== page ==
In an intriguing new report by CNN, St. Joseph's Indian School has been "exposed" using less than honest sob stories and fake names in their letters to prospective donors—to the tune of $50 million last year. Turns out that "Josh Little Bear" didn't write you a letter begging for his continued sanctuary from poverty and drugs.
St. Joseph's Indian School is a boarding school in Chamberlain, South Dakota that seeks "to educate Native American youth mind, body, heart and spirit," taking in 200 students every year. The school's site goes on:
Child poverty and abuse are serious issues on Indian reservations. By supporting St. Joseph's Indian School, you are helping Native American children in need regain pride in the Lakota (Sioux) culture by learning the Lakota language, studying Native American culture and healing the broken family circle from which they come.
The school reportedly sends 30 million pieces of a mail every year as part of their fundraising campaign, which has included, CNN reports, "calendars, personalized return address stickers, notepads, elaborate stickers and a so-called 'Dreamcatcher,' a Native American handicraft that by tradition gives its owners good dreams."
Their mailers also include those treacly letters penned by "Josh Little Bears" and "Emily High Elks," individuals whose stories the school admitted to CNN do not exist. From the school's executive director of development Kory Christianson's letter to the news network:
The name "Josh Little Bear" is fictitious, but unfortunately, his story is not. The letter is a true story of the very real and challenging situations that far too many children face not only in the Native American community, but in families found in every sphere of society.
"It is never our intention to disparage in any way the Native American community," Christianson writes. "Our commitment to and respect for Native American people is evident in our work and our mission."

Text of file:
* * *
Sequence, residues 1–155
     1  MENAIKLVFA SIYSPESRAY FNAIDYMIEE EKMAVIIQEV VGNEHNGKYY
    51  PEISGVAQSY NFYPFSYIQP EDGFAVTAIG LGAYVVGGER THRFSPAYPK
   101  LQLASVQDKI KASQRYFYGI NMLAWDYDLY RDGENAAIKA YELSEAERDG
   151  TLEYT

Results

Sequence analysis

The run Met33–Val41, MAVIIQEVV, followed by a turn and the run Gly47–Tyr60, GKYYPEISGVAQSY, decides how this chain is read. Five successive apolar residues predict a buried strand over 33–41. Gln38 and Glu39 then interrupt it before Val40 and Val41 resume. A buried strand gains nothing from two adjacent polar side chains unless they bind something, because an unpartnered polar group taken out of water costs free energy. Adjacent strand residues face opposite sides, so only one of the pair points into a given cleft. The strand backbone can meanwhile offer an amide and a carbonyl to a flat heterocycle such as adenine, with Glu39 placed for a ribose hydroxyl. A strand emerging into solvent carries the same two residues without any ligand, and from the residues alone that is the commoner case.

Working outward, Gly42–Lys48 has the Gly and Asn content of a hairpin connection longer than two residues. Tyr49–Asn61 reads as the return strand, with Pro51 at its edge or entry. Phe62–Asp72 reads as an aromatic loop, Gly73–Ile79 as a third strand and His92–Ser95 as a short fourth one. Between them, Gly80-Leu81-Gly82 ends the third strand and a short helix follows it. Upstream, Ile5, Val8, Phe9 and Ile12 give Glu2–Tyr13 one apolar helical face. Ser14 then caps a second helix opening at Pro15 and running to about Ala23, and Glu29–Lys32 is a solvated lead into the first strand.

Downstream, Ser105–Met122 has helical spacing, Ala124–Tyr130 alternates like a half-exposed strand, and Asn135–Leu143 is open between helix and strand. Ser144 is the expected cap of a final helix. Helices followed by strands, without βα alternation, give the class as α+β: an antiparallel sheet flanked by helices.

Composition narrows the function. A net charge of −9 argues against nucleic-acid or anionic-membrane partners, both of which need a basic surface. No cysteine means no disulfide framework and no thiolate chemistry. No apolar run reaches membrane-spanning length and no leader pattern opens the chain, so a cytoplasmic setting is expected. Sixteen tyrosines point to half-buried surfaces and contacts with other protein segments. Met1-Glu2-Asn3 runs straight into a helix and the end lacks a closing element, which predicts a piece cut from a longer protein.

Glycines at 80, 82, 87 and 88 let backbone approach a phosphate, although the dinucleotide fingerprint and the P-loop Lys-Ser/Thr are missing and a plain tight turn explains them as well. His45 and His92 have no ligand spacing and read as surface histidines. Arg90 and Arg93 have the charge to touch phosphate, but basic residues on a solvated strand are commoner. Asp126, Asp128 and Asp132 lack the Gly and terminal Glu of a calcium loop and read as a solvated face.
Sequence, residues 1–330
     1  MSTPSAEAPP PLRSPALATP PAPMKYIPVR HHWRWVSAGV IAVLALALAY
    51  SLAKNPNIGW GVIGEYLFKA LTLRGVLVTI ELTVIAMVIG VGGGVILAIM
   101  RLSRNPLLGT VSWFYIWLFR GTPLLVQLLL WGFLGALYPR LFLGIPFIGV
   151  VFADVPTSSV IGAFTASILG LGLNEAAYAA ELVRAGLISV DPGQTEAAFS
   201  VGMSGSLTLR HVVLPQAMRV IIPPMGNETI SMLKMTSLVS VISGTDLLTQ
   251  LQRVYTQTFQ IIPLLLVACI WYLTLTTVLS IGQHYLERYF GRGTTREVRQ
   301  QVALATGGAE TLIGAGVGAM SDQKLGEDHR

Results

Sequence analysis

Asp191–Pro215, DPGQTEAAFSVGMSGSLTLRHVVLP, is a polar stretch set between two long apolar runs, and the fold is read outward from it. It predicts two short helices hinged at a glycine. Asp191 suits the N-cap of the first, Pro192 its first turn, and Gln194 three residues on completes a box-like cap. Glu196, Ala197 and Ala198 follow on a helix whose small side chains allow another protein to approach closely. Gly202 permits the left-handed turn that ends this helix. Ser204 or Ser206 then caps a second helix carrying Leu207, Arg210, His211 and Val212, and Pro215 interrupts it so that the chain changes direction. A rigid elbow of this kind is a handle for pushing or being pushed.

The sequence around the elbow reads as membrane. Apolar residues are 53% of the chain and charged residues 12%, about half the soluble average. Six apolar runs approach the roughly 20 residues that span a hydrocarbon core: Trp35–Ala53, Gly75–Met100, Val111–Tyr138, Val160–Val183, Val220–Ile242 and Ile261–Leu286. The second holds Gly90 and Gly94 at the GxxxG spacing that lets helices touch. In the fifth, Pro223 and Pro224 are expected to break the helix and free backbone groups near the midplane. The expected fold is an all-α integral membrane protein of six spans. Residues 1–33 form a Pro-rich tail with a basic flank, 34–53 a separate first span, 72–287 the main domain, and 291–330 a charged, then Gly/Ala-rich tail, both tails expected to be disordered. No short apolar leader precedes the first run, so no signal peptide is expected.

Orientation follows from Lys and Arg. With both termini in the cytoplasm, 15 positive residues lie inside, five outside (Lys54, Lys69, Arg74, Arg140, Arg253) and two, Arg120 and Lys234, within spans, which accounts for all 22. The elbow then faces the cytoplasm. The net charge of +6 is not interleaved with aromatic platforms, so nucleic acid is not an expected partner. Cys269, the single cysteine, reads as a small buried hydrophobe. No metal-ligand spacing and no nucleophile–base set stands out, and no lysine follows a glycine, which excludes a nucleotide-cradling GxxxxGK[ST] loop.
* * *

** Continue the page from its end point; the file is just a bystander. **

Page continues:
Native Americans in the community have balked at the fundraising campaign, deriding the letters. "That's how they get their money," Leonard Pease, vice chairman of the Crow Creek Lakota Sioux reservation, told CNN. "To me, they make the Indians look bad."
Michael Roberts, president of the First Nations Development Institute, which represents Native American nonprofits, called the scheme "poverty porn." It's hard to disagree. I mean, look at one of the letters:
But even CNN admits, "it seems that the money being raised is being used for the right reasons:"
We were given a tour of the school but were not allowed to film. The complex, on the banks of the Missouri River, looks like a nice place and the children seemed happy, well-fed and well-housed.
Indeed, St. Joseph's Indian School does not appear to be a necessarily insidious agent bilking people out of money to run a slum. They're not exactly innocent, either—pursuant to their status as a 501(c)(3) nonprofit, they disclosed $122 million in assets last year, casting reported pleas for money to pay heating bills in serious doubt.
Exploiting white guilt can be an effective (and profitable!) marketing tool. It's easy. Those letters look fake. You'd have to be a willful idiot to believe one, and it appears plenty are. Because while the school's methods—namely, playing up poor Native American stereotypes—seem disingenuous, those letters are an honest acknowledgement of Americans' need for a sad story about a cute kid to be bothered (or rather, suckered) to care at all.